Shahria Sharmin

When Home Won’t Let You Stay

There are currently about 1.1 million Rohingyas in Bangladesh. Cox’s Bazar, a town on the southeast coast of Bangladesh, has one of the largest refugee concentrations in the world. Travelling back and forth to the camps, Shahria Sharmin spent months making portraits of Rohingya youths and listening to their stories of villages back home, where they hope to return one day. The result is a complex layering of landscapes, portraits, found photographs, personal testimonies, and her own narratives.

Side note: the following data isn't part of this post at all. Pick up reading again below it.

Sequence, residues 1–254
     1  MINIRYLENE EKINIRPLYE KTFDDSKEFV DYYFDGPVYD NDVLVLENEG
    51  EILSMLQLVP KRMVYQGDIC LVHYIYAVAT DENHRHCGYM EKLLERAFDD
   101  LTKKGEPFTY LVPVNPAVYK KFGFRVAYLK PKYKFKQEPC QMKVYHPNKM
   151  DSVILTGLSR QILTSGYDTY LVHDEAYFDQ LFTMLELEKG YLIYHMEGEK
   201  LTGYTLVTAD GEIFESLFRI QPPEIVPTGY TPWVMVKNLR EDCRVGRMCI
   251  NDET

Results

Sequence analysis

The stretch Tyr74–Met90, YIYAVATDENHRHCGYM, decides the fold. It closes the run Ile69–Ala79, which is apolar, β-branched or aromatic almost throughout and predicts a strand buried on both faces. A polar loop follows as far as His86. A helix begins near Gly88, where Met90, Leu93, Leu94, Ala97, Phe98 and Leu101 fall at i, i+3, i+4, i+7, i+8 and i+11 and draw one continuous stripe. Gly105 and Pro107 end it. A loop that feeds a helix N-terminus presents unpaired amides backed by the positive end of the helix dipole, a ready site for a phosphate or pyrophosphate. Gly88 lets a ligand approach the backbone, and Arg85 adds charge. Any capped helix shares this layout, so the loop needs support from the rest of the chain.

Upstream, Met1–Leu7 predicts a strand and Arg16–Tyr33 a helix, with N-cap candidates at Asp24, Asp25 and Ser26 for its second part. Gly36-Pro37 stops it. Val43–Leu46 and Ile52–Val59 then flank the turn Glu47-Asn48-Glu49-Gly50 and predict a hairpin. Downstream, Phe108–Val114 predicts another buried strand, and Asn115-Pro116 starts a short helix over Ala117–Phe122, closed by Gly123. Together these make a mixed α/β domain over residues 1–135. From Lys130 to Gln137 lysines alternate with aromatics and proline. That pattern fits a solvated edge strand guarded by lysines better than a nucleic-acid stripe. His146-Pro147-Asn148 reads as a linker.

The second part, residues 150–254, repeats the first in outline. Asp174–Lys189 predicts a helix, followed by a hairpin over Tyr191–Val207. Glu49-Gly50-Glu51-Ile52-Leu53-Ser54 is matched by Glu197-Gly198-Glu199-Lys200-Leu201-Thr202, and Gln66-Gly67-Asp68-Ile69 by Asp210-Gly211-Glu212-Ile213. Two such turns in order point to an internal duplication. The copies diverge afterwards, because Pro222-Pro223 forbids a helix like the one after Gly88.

Standing on the seashore, barefoot, lost, looking at the sky, Tosmin Ara (23), along with her son, asks God: “Why is there no place called home?”

Her adolescence ended as she fled Myanmar with nothing but traumatic memories. But her life had a new beginning at the camp. Now Nur Fatema (22) looks forward to seeing the face of her child, which will wipe away those memories.

Mobarak (27), a local fisherman, showed Nobir Hossain (25) the path to survival. They are good friends now and spend days in the open sea, both dreaming of a better future.

Fishing boat near Shamlapur camp, Cox's Bazar, Bangladesh.

See the project on Witness

See more work by 2019 Joop Swart Masterclass participants here